Post # 11
I manage an apartment complex and have personally left prior to a lease ending when Darling Husband and I purchased our home. Check with your management office. They may offer you an opportunity to pay a penalty, usually an extra month’s rent, or if they are running short on your size unit, they may have an interested candidate sitting on a waiting list. Summer is typically when the majority of people relocate. Your situation occurs all of the time in this industry and if you are dealing with a reputable management company, they will have a solution.
Post # 12
@doxielove: I would just talk to the leasing agent because not all apartment communities are the same. At our last apartment if we had broken the lease we would have to continue paying rent until they got a new tenant or until or lease was up, whichever came first. However at my friend’s apartment, if she had broken her lease she would have to pay out the rest of the year up front AND pay back the difference from the months she lived there from her signing deal (signed a lease for a special at $465/mo, normal rent was $600/mo so she would have had to pay back $135 for every month she had lived there).
The best thing to do would be to talk to your specific community.
Post # 13
Ask your leasing agent because at my apartment, I have to pay 2 months rent if I break a lease before 6 months is up, after 6 months it’s 1.5 months rent. That was a HUGE factor in Darling Husband & I’s decision to wait on buying a house- paying $1200 just to be able to move somewhere else isn’t in the budget lol
Every place is diffrent!
Post # 14
It depends on the policies of the apartment complex. I broke my lease in Vegas a month early to move to FL to be with Darling Husband. I just had to pay a prorated amount until they could get someone else into my apartment. I think it took them 10 days.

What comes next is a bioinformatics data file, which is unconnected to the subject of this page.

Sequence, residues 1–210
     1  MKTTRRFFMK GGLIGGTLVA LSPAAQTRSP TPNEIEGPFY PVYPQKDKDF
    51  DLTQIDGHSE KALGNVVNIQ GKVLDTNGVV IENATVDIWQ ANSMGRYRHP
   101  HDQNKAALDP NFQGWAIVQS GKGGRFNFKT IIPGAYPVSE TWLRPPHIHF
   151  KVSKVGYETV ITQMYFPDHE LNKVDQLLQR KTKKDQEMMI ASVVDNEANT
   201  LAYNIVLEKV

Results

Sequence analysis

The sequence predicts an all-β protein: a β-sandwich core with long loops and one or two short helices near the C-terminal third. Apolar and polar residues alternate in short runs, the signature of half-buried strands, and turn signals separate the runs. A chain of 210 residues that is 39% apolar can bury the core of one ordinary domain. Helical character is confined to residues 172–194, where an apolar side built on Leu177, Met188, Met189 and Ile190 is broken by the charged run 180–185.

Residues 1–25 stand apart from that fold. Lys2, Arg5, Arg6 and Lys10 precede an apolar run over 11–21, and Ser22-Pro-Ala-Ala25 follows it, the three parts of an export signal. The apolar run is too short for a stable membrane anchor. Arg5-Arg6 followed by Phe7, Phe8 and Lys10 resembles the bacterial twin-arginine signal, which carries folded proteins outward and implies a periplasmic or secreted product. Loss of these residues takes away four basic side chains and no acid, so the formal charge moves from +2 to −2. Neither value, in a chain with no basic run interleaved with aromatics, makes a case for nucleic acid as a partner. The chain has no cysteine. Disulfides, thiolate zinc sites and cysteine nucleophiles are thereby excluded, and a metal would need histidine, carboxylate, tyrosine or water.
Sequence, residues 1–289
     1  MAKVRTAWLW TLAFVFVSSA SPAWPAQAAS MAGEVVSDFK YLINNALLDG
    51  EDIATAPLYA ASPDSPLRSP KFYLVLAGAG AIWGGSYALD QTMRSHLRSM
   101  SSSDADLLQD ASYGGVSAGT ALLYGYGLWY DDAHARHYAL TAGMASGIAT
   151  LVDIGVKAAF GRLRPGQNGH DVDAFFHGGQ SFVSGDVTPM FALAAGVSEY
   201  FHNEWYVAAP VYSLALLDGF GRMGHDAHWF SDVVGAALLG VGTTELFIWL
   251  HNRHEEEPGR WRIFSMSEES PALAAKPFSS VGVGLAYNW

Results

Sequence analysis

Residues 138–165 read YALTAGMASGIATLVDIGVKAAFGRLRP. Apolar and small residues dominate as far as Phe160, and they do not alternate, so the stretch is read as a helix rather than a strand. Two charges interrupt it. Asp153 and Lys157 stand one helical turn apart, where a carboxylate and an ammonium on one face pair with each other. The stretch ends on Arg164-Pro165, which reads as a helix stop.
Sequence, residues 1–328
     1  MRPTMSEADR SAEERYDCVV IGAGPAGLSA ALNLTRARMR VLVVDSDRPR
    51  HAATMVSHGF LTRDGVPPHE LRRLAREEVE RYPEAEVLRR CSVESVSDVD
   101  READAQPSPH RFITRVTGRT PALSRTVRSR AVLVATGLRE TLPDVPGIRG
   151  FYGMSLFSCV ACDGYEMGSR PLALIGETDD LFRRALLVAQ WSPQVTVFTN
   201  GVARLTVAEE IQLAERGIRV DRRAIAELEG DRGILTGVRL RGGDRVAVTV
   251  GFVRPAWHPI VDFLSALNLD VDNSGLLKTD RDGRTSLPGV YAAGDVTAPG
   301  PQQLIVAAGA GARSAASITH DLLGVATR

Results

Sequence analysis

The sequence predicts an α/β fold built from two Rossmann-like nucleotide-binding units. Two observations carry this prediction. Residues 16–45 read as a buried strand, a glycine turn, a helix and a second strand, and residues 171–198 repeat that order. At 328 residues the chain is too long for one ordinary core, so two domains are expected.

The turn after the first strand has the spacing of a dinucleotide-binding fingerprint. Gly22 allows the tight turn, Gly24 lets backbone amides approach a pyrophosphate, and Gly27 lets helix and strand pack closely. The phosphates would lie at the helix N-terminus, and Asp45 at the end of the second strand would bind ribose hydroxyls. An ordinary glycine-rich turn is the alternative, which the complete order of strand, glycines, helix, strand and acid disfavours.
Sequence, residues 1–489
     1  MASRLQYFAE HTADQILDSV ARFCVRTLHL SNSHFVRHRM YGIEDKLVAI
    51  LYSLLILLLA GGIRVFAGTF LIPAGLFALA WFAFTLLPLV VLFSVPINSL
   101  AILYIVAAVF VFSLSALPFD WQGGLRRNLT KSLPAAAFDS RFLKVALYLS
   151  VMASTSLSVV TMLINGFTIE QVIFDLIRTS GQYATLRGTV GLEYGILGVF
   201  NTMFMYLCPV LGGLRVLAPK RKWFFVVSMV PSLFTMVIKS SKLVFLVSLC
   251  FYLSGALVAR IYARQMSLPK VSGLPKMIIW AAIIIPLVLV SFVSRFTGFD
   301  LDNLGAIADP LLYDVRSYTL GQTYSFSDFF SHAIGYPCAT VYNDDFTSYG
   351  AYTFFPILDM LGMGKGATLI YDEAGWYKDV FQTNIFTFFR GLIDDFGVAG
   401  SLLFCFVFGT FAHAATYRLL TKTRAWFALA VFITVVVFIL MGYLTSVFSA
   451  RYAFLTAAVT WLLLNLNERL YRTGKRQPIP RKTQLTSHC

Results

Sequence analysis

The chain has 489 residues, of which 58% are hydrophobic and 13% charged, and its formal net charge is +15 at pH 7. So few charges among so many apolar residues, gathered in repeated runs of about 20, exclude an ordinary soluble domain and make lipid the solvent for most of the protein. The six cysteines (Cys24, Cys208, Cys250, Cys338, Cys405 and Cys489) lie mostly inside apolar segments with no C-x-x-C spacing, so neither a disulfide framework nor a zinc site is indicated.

Darling Husband looked into breaking the lease on his apartment when he bought our house. The penalty for breaking the lease would’ve cost more than just paying the rent until the lease was up. So he moved into the house in September, but kept paying rent on the apartment until February!
Post # 15
Have you lived in your apartment for more than a year? Some apartments have a set lease for the first year and then switch over to month to month after that. If you happen to have this arrangement then you should only have to give 30-60 days notice before moving out.
The penalty for breaking our lease is forfeiture of our security deposit + one months rent… so almost $3k and that’s ONLY if they can find someone to take the unit. If they can’t, we have to pay out the remainder of our lease which at $1300 p/month, is anything but cheap.
Post # 16
I would try to find someone to take over your lease for sure. The fees for breaking a lease are just really not fun to pay, and you could maybe avoid it by doing a little legwork. You should try Craigslist for a replacement person or couple to take over your lease – it actually ends up being a good deal for both because they get into the building at your current, presumably cheaper rate, and you get out of the lease. I have done this a couple of times, and while obviously it’s a pain to try to find someone, it’s worth it.
Make sure if you do that you get the new person/couple to take over the lease rather than merely sublet – people use the term “sublet” to mean a number of things, but legally (at least in my state) it means that you would still be contractually bound to the original contract between you and the landlord. You would have merely entered a new agreement with the subletter. You want to get yourself completely off of the lease and put the new person on in your place. Otherwise, you are still liable for the duration of the lease if they fail to pay their rent.